Last year for my birthday, my husband gave me two tapes of medieval and renaissance Christmas carols. As I played and replayed these exquisite songs, they became much more than a seasonal delight.

Benjamin Britten’s A Ceremony of Carols particularly enchanted me. I was awed by the pure sound of young male voices. The plaintive harp accompaniment, the archaic word forms, and the unusual phrasing of the medieval and renaissance carols usher the listener into another age.

I studied the texts of these carols and learned to appreciate the relationship of the poetry to the music. I was so intrigued that I decided to find out more about the age that inspired such carols. The Christmas carols of the thirteenth and fourteenth centuries are distinct in several ways from those we now sing. Erik Routley in The English Carol writes: “What you do not get in the medieval carol is what we now call the ‘Christmas card’ imagery—self-conscious references to snow and cold weather, detailed pictures of Bethlehem, and so forth. Their images are simpler, and more Biblical.”

Simplicity of detail—that was the quality I loved. Poets use natural images: the rose, the nightingale, the ship, the dance. The words reflect the many correlations our minds unconsciously make between ordinary experience and spiritual values. Today we are reluctant to acknowledge those, fearing to mix the profane and the holy. The medieval mind had no such reluctance (nor did the metaphysical poets several centuries later). This fresh imagery shocks us into Christian truth that touches us at all points.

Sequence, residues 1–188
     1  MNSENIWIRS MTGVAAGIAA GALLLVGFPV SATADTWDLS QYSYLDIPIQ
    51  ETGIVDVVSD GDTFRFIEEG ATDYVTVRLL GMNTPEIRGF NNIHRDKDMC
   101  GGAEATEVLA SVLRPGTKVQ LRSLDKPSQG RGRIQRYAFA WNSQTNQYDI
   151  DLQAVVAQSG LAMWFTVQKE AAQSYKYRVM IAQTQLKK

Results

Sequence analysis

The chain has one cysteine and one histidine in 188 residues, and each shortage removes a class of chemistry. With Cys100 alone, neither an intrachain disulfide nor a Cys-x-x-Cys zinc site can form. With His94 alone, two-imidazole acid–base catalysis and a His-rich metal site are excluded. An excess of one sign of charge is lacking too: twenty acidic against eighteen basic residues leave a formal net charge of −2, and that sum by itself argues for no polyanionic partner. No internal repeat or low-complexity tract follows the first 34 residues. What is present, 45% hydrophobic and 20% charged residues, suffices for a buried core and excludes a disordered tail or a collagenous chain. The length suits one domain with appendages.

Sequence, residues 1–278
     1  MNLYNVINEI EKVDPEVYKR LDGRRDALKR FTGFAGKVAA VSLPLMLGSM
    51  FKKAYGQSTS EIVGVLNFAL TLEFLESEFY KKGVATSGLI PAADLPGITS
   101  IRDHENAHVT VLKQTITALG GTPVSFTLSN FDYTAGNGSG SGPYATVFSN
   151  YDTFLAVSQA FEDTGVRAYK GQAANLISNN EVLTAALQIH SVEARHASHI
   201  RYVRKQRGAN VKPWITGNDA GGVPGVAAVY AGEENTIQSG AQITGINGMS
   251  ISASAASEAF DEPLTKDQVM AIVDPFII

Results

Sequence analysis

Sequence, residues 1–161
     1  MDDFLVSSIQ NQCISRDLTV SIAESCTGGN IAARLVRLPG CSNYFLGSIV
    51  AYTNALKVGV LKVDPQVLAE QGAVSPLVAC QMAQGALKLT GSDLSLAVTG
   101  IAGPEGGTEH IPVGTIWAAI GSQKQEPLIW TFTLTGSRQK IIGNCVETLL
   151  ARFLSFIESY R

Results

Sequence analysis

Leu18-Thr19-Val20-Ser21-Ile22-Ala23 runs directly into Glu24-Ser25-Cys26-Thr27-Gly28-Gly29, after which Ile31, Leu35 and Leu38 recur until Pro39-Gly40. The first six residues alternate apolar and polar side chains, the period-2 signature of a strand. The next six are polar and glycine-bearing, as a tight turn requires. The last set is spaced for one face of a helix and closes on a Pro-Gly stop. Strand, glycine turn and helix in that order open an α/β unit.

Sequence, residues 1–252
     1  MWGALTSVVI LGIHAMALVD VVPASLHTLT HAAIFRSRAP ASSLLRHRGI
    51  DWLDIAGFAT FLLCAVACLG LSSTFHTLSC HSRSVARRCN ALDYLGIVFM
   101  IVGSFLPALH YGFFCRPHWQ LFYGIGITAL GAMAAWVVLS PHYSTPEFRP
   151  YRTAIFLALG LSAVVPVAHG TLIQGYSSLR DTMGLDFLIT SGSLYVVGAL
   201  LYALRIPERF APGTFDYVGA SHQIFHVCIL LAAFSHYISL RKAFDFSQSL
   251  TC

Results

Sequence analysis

We are so accustomed to the metaphor, “The Lord is my shepherd,” that we fail to realize how bold—even startling—it must have been for David to juxtapose the images of Jehovah and a common sheepherder. In such poetry we see the principle of the Incarnation: faith can only come to us enfleshed.

The medieval poets delighted in melding unlike terms—paradoxes that cut across the ordinary, bid us stop, and look. The images are like a tiny creche made to fit into a nutshell. For example, consider the third carol of A Ceremony of Carols:

There is no rose of such vertu

As is the rose that bare Jesu.


For in this rose conteinèd was

Heaven and earth in litel space,

Res miranda [A wonderful thing].

By that rose we may well see

There be one God in persons three,

Pares forma [Of like form].

There is a sweetness in the verse, an easy, immediate acceptance of the truth behind the images. Here the Rose of Sharon is applied to Jesus’ mother. This refers to Isaiah 11:1: “And there shall come forth a rod out of the stem of Jesse, and a Branch shall grow out of his roots.” To see Christ as blossoming, through Mary, out of the stock of Jesse, was a common medieval association. The divinity and the humanity of Christ “heaven and earth in litel space” and the Trinity—Mary who in her obedience and godly life reflects as every good Christian should, that “there be one God in persons three”—are quietly stated. This carol, a jewel of “beauty within bounds,” doesn’t try to systematize doctrine—as do some hymns. The stating of them is the accepting of them. Here is the language of faith. The last verse brings to the result of faith—action:

Article continues below

“Leave we all this werldly mirth,

And follow we this joyful birth.

Transeamus” [Let us pass over from this world to the other].